You should also keep a first aid kit handy that has things like Benadryl, bandages, Tylenol, and other OTC or prescription medications.

Closely watch for signs of plant or insect allergies and be ready to spring into action when signs of allergies start to flare!

Protect Against the Sun

We often think UV rays are only a major concern on those bright, hot, sunny days but the truth is that even on cloudy days, they can burn your skin just as badly as on a sunny day.

In fact, cloudy day burns can be even worse because people prepare even less for exposure.

Midday hours are when the sun’s rays are the strongest is the best time to stay in your tent or cabin or stick to shady trails and areas of the campground.

It is generally recommended to use a broad-spectrum sunscreen and lip screen with at least SPF 15 and to always wear a hat and sunglasses when in the sun.

Keep Yourself Hydrated at All Times

This is one of the biggest areas where camper fail to plan and prepare properly and this is because they do not truly understand what it means to be hydrated.

Staying hydrated doesn’t mean drinking when you’re thirsty — it means drinking throughout the day and keeping enough fluid going into your body, even if you are not thirsty.

In fact, when you start to feel thirsty, you are already in the beginning stages of dehydration!

An emergency kit should include at least a 3- to 5-day supply of bottled water for every single person in your party- and this is the emergency kit only.

You need to have enough water packed for every person for every day you plan to be out camping.

Avoid Water-Related Illness and Injury

Camping often includes playing in and around the water whether that is a fish trip, a boat ride, white water rafting, or hiking along a river.

To help protect yourself and your fellow campers from illness, don’t swim if you have diarrhea, and don’t swallow the water you swim in.

Take a shower before and after swimming. Make sure you are never out in the water or near a body of water alone.

Do not drink water from streams, ponds, or other sources you find out in the woods because of the risk of water born illnesses and pathogens.

And always wear a life vest when in a boat or on a dock and children should never be unattended in or near water!

Protect Against Carbon Monoxide Poisoning

It is important to keep your family safe from unexpected dangers while you are out camping.

Carbon monoxide is odorless and colorless and can cause illness or death in people and pets.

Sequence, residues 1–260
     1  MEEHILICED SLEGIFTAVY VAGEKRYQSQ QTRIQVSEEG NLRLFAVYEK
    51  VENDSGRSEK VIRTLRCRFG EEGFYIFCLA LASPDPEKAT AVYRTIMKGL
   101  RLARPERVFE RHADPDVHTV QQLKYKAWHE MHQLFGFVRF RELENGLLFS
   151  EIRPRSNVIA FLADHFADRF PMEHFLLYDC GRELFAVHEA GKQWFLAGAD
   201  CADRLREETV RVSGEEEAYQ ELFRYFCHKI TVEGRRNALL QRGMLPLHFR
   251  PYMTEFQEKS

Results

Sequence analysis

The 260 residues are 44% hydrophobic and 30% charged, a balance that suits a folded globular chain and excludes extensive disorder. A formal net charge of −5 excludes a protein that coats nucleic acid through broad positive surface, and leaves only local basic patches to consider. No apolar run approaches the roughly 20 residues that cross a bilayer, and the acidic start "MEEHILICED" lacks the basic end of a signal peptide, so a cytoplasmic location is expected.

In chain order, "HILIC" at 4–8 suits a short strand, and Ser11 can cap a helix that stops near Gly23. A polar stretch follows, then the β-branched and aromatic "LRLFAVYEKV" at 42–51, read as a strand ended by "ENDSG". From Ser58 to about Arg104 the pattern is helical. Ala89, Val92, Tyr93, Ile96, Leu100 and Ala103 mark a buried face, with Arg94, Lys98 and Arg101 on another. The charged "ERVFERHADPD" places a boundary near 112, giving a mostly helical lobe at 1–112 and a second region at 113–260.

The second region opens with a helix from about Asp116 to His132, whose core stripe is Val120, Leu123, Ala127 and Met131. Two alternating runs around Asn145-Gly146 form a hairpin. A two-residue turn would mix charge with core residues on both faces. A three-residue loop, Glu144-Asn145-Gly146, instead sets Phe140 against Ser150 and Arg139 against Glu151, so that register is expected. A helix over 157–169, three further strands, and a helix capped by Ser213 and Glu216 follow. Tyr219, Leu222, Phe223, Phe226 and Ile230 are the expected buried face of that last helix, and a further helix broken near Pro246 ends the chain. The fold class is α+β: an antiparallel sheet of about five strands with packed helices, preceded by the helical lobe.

Never use fuel-burning equipment such as gas stoves, heaters, lanterns, and charcoal grills inside a tent, camper, or other enclosed shelter.

Never run these types of heat sources while you are asleep as it can lead to a deadly build up of carbon monoxide very quickly.

If you are in a cabin inquire if they have a carbon monoxide detector inside and if you are staying in your RV get one installed before your trip.

Avoid Wild animals and Protect Pets

Some wild animals carry diseases that are dangerous to people.

Do not touch any wild animal that you encounter, even if they appear friendly, because wild animals can be very, very unpredictable.

Make sure your family pets are vaccinated and always keep a close eye on them.

Do not let them run freely around the campsite, keep them on a leash, and do your best to avoid encounters with wild animals while taking them for a walk.

Be as Prepared as You Can Be

Always prepare for the unexpected.

Let someone know where you are going and when you expect to be back. Know what to do when toilets are not available or what to do if you become lost while out for a hike.

Be sure to bring along a compass or GPS, map, flashlight, blankets, batteries, radio, emergency contact list, your phone or a satellite phone, and any other supplies you and your family may need. Know who to contact at the camp to report issues that may come up.

And once your adventure is over and you are back home, clean your clothes- including sneakers and boots- check everyone for ticks or bits, and closely minatory any bites and rashes that get worse or do not start to improve in a few days’ time.

Have fun with your family and make memories that everyone can remember fondly for years to come.

Make it all easier with these helpful tips for a safe and fun camping adventure!